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Do You Know the Business Value of Your Meeting or Event?

Well, if you don’t, you’re definitely not alone.  Most meeting and event planners work hard to assure a quality event that has value and at the right price point. Planners negotiate every aspect of the event, being sure that they’re not losing the essence.

To begin with, according to the MPI study, there is the Perception vs. Reality. According to the MPI study, “Companies that successfully measure the business value of their meetings report that the measurement process has changed greatly over time. Early measures centered on accomplishing objectives, but the understanding of those objectives and the ability to measure them has improved to the point that they now provide a good understanding of the ROI of a meeting. Unfortunately, there are a lot of misperceptions regarding the case for measurement (you have to determine the ROI of every element of your meeting, determining the real purpose of meeting is nearly impossible, understanding and implementing the process is time consuming, measurement is cost-prohibitive). time consuming and difficult. Proper implementation could even require consultants, in addition to new software and materials.”

Again, according to the study, “Once meeting professionals decide to measure the business value of their events, they often have difficulty gaining the full commitment and support of all stakeholders, such as department managers, company executives, colleagues and/or attendees. “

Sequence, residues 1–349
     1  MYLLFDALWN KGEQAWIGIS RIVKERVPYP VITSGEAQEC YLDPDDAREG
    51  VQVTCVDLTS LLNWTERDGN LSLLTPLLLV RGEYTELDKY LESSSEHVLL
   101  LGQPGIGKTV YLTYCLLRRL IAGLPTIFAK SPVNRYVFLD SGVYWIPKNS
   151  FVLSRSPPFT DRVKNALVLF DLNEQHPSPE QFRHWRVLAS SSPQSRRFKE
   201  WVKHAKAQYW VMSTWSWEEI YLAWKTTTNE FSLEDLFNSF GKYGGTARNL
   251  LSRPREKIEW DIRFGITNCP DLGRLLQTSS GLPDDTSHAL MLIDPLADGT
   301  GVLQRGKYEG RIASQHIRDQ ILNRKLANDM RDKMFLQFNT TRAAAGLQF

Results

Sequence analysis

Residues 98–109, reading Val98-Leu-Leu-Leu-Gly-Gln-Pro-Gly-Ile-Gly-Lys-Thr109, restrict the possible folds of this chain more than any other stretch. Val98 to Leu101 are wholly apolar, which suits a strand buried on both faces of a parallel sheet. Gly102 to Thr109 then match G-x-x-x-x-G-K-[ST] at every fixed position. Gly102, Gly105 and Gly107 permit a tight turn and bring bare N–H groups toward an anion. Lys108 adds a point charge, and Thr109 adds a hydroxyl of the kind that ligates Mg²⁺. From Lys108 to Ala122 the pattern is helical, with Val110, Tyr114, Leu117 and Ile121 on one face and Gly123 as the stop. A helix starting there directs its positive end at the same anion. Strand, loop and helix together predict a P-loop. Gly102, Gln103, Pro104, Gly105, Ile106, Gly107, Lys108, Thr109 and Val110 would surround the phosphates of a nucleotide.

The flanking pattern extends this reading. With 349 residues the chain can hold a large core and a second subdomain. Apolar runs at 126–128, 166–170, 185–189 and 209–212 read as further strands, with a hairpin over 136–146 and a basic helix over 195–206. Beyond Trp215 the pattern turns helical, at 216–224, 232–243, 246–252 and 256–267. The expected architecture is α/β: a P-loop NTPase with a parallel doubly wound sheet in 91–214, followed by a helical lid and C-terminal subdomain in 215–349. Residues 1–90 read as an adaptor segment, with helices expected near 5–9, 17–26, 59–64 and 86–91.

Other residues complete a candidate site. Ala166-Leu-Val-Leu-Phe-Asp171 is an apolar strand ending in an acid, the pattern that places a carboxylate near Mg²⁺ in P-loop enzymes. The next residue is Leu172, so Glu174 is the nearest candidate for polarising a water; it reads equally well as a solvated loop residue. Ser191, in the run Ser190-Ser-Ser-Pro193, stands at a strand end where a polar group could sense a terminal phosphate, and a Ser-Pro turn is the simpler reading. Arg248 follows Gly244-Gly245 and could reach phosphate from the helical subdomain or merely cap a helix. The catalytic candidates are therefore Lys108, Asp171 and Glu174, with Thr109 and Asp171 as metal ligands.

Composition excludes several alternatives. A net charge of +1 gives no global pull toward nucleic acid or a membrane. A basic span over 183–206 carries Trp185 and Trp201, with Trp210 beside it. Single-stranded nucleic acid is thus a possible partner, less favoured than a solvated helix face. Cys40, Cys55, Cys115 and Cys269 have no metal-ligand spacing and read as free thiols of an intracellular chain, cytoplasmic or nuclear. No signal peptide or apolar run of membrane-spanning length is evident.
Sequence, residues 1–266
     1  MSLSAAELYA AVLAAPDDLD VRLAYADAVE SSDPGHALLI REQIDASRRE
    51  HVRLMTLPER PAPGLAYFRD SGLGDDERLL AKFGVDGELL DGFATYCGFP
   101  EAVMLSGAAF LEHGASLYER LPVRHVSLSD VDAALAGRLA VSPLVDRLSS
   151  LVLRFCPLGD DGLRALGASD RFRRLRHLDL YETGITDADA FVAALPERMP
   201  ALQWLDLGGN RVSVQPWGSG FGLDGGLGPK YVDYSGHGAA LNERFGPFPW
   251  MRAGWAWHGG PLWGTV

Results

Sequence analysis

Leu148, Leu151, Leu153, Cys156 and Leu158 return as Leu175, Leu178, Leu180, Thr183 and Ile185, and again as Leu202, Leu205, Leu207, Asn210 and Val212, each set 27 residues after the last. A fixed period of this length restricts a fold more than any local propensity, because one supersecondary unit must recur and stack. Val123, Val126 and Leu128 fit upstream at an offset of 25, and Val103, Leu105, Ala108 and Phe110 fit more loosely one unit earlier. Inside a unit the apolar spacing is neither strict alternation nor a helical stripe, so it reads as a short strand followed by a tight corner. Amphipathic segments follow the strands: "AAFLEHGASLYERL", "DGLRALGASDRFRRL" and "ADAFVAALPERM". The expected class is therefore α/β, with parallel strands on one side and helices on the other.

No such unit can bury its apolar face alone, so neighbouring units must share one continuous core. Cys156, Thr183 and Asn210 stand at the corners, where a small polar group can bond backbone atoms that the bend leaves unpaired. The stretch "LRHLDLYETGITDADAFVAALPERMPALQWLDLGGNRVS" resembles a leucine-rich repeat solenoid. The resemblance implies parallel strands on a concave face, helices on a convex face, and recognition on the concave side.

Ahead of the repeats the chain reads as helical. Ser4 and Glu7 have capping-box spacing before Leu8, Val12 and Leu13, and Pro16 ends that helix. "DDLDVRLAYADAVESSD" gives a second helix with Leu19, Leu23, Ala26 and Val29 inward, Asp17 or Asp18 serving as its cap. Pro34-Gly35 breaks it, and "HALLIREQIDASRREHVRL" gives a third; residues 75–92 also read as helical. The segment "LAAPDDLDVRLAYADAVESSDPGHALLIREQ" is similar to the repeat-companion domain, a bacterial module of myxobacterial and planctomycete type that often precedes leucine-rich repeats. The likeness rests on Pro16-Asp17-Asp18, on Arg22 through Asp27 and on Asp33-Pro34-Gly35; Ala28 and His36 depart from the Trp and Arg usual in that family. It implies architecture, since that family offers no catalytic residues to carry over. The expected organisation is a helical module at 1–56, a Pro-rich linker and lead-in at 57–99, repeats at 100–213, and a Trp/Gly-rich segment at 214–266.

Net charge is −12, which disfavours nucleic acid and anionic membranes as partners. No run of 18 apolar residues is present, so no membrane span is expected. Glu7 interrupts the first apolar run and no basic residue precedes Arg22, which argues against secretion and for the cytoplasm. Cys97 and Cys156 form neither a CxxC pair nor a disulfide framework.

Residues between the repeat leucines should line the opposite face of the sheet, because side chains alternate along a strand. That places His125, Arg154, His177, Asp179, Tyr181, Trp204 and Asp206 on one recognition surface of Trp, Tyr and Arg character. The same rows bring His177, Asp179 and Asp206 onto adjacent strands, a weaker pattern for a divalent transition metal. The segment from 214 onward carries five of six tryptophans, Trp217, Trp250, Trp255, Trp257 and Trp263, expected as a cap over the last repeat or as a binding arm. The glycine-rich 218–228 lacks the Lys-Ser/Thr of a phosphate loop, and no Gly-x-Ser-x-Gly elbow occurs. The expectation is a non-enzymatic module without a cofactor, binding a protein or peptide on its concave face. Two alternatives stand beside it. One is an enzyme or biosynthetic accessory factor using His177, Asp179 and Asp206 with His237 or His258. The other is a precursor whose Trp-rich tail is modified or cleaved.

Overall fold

“As a result, meeting professionals often limit measurement to feedback on logistics or attendee satisfaction. These generally provide some guidance as to the mood and/or experience of delegates, and therefore pass as sufficient tools for measuring a meeting or event. But the actual measures of greatest importance should be determined by the meeting’s objectives.”

MPI’s study states: “To successfully calculate the business value of your meeting, you have to understand its goals and objectives, which are often undefined—until you challenge your stakeholders to explain them.”

“The analysis of data takes several forms, mainly visual, subjective and statistical.”

“There are a variety of measures and tools available to help you understand the performance of your meetings compared to expected outcomes. These tools vary in price and complexity.

The majority of meeting professionals who measure event outcomes gauge delegate satisfaction through online survey services using a five-point scale. But many planners are dissatisfied with the lack of utility and relevance in the data they receive from these efforts. Determining which method of measurement is best suited for a specific outcome is very important to the reliability of results.  The right measurement will ensure understandable and accurate findings. The subject of measurement is scientific in nature, and meeting professionals may go through a period of trial and error to determine which measurement method is best for their particular needs.”

If you would like more information about this, go to the MPI website, http://www.mpiweb.org/portal/Business/20120529/Is_Your_Meeting_Worth_It

If you’re a member you can download it at no cost. If not a member, there is a fee. It’s an outstanding study that will help you, the meeting or event planner to defend what you do and for you to understand in greater depth how important your job is as well as the value of meetings and events.